Egypt's request to postpone a long-awaited IMF loan due to recent political unrest could lead to a downgrade in the country's credit rating, credit rating agency Moody's said in a report on Monday.
Egypt was hit by a constitutional crisis following a 22 November decree by President Morsi which caused a political faceoff between Islamist and secular factions. He later revoked the decree.
The report also hinted that the recent stabilisation of the country's external balance of payments and government finances is weakening as a direct consequence of the current political faceoff.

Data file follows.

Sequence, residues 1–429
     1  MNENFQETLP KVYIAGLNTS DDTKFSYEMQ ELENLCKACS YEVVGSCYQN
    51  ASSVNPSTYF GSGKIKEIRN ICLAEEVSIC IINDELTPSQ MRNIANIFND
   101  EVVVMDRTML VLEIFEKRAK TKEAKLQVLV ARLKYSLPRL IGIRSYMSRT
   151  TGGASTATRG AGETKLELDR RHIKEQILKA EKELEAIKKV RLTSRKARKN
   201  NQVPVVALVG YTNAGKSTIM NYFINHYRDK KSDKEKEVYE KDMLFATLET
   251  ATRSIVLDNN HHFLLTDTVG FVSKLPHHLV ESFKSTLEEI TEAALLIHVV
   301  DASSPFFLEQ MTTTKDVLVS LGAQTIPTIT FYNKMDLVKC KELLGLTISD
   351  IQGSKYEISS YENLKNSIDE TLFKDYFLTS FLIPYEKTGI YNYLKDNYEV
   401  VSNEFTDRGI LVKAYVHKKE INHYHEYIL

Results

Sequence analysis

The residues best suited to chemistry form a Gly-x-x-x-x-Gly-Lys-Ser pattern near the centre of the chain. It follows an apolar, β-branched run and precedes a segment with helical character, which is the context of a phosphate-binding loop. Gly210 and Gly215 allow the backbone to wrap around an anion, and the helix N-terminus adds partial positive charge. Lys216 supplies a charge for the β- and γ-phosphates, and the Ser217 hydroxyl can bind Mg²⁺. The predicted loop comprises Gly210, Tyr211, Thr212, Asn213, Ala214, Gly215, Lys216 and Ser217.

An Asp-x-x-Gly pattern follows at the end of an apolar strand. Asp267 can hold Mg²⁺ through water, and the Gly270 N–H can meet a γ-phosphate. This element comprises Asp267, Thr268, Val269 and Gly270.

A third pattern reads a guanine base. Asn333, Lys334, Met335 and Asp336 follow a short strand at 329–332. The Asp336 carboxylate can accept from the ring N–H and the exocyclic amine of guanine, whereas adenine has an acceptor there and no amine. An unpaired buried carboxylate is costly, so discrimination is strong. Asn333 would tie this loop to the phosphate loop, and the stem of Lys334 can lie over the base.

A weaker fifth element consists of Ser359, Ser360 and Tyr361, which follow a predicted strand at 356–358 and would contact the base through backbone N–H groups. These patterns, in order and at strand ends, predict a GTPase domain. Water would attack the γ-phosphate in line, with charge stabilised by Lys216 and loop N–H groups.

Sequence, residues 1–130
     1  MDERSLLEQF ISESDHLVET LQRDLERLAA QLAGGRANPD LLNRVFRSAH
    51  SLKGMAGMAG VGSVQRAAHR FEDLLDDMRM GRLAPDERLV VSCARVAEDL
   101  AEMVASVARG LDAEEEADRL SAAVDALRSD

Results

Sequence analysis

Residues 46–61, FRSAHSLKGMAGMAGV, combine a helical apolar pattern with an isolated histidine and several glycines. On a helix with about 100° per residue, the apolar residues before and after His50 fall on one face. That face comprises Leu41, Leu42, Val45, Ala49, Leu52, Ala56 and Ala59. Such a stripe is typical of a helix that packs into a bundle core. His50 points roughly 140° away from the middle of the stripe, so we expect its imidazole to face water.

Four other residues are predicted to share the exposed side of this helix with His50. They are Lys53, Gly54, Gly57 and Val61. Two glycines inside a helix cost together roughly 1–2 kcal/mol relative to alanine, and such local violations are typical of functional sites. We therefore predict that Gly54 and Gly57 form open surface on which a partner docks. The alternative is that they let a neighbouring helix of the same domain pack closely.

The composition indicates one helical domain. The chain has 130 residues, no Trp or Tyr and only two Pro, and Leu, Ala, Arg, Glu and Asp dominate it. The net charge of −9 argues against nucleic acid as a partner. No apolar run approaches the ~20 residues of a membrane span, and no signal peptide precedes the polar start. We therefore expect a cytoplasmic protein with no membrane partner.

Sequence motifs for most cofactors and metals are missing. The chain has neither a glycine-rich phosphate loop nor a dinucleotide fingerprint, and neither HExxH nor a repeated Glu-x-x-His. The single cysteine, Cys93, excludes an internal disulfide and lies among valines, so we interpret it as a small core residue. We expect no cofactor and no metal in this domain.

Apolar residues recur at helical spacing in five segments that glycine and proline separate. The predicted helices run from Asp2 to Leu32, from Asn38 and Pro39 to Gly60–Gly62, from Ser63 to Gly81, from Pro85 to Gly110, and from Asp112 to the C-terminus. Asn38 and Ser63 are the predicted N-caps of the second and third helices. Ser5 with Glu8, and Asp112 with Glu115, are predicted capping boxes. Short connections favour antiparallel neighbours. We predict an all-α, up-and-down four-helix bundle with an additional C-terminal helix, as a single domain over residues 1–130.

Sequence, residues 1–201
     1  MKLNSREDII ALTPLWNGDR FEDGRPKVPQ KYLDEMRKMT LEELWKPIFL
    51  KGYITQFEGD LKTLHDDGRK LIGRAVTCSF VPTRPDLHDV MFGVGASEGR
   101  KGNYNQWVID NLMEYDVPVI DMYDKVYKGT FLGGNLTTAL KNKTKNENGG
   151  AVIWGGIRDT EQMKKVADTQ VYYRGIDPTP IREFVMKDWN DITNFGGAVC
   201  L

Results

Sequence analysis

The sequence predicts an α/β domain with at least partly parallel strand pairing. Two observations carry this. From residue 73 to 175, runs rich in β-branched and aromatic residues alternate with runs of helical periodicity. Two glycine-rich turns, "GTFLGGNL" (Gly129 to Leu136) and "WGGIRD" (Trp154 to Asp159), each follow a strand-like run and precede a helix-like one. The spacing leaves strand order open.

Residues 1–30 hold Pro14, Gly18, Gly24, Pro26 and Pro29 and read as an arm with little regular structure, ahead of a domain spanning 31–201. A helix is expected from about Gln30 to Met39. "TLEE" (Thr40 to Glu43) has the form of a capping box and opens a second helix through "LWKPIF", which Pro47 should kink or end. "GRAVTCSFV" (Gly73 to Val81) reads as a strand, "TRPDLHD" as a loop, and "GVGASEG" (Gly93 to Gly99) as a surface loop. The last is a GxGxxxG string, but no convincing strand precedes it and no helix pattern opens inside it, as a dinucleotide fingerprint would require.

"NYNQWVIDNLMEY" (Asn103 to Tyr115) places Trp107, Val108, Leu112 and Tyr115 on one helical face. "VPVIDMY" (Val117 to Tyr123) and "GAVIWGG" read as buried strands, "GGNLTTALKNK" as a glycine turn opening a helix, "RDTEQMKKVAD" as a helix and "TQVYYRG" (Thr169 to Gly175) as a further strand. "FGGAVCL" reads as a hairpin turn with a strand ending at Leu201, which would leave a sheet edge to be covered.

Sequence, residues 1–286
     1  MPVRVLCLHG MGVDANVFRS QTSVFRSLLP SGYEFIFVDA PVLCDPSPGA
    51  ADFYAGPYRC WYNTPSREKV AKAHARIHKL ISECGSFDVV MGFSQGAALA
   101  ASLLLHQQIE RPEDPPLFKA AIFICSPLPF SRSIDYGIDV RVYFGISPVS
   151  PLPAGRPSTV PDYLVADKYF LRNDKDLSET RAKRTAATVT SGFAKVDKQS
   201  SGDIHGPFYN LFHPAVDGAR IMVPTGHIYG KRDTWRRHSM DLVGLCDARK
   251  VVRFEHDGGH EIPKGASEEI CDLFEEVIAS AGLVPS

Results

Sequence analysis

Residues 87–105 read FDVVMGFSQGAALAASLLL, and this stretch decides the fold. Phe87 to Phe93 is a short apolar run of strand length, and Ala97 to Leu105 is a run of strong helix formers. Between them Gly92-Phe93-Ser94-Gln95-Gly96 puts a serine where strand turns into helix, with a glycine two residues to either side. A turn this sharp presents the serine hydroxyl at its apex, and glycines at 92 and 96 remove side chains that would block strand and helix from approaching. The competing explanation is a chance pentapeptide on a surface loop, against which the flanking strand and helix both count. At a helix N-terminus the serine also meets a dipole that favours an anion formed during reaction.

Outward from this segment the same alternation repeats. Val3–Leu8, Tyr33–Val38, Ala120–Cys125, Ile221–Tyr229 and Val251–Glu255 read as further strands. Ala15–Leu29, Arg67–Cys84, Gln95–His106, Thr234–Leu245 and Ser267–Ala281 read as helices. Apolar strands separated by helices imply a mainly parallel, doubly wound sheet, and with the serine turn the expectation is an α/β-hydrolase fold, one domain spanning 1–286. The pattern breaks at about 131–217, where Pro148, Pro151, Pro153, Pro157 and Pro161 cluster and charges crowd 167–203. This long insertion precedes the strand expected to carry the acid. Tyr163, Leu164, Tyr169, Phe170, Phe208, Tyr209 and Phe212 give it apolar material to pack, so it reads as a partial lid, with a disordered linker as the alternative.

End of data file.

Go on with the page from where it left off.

Moody's said the IMF loan was vital because it would boost investor confidence, raise foreign investment and reduce the budget deficit. Without the loan, Egypt could be subjected once again to external and domestic financing pressures, the report explained.
After the January 2011 uprising, Moody's downgraded Egypt's credit rating to B2, usually assigned to countries that are not creditworthy. If the IMF loan is further halted Egypt could face another credit demotion, Moody's said.
The Egyptian government has claimed the loan was delayed due to the need to reach a consensus with factions opposed to the loan.